There are, of course, legitimate reasons for this academic state of af­fairs. Every scholarly discipline has its own interests, vocabulary, per­spective, expertise, and corpus of literature, and inevitably there are few individuals who can claim adequate command of more than one field. I myself make no such claim: I am an anthropologist, solely, at-tempting to bridge a gulf between his own field and others. This work must therefore be evaluated as primarily deriving from, and reflecting, the perspective and concerns of anthropology. I offer it, however, as an effort of an anthropologist to understand the concerns and contribu­tions of scholars in another field, and thus essentially as an invitation to further refinement through continuing dialogue. I hope, therefore, that this book will be read by anthropologists who are interested in the problems raised here about spirit possession and for whom I explicate as best I can the relevant views of psychiatrists, psychologists, philoso­phers, and others. But I hope, too, that the book will interest scholars in those other fields—indeed, interested persons in any and all fields of inquiry—and for such readers, I attempt a review of what anthropolo­gists have written and debated about spirit possession itself.

More than that: given my concern about the current pervasive mis­understanding of what anthropology is actually about, I propose to sub­ject the nonanthropologically trained reader to a brief version of "An­thropology 101." In the next chapter, for example, I shall among other things do my best to explain what anthropologists mean—and do not mean—by the term culture. I do that, let me emphasize, because the term in all its complexity is central to my effort to deal with "the na­ture of spirit possession": that is, if you don't understand what is en-compassed by the anthropological use of the term culture (and if you are not an anthropologist, the odds unfortunately are more than good), then you will find much of my argument in the later chapters incom­prehensible.

It can of course be asserted that other anthropologists have a greater familiarity than I do with the literature of psychology in general, and that there are many psychologists and psychiatrists who are quite fa­miliar with some dimensions of the work of anthropologists. What is often missing, I am suggesting, is the necessary integration or synthesis of contemporary theory in the two disciplines. I shall attempt such an interdisciplinary integration or synthesis here, in the specific case of "the nature of spirit possession."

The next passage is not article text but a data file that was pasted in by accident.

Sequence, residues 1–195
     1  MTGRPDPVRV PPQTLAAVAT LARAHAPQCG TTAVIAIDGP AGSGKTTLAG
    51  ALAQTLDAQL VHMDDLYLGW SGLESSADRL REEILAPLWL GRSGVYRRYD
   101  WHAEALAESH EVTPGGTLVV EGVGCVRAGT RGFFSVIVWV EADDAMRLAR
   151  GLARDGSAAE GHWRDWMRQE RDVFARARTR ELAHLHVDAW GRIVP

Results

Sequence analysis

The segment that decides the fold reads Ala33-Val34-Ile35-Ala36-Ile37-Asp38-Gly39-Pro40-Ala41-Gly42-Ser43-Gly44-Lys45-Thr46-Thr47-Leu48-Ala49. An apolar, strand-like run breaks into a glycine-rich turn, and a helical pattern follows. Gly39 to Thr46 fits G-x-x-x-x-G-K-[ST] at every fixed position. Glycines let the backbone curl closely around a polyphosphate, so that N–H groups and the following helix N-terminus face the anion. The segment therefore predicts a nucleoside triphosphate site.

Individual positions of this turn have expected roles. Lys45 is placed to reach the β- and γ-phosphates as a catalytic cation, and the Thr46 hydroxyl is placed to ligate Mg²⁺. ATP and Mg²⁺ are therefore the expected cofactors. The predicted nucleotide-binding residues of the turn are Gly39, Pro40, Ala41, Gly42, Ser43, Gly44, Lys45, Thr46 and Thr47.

I have said I propose to inquire into what is actually happening when an individual is said or observed to be "possessed" by a "spirit," a "god," or some other "noncorporeal entity." Alas, just by asking such a question we are immediately in troubled waters.

So why, then, do we do the things we do? Again, what is the purpose of the anthropological endeavor? Let me try, in the next chapter, to an­swer that most legitimate question: it will lead me inexorably to the main task of this book. For, as I set forth to wrestle with, and integrate, the phenomena now separately called "spirit possession" and "dissocia­tion," I would remind the reader that I approach the problem not only as an anthropologist—but as one who perceives the necessity of both integrating the findings of other disciplines into anthropology and communicating to those in other disciplines what anthropology has to offer them.

My strategy is to focus on "spirit possession" in chapters 3 and 4: on what anthropologists have observed and how they have interpreted their observations. In the succeeding chapters, I attempt to do the same thing with "dissociation" as that subject has been studied by psycholo­gists and psychiatrists. This leads me, in my effort to meld our under-standing of the two phenomena, into the thickets of theory and re-search about such awesome and recalcitrant topics as "hysteria," "hypnosis," "consciousness," and the very structure of the human mind. And so, finally, I offer my own synthesis of what anthropology and psy­chopathology have separately taught us about all these matters. I propose a new arrangement of taxonomical categories to integrate the disciplinary perspectives of anthropology and psychopathology concerning possession and dissociation.

No question: it will be a bumpy and controversial trip—but I hope in the end we will have achieved some enlightenment . . . about spirit possession and dissociation, and also about the benefits of traveling across the disciplinary boundaries.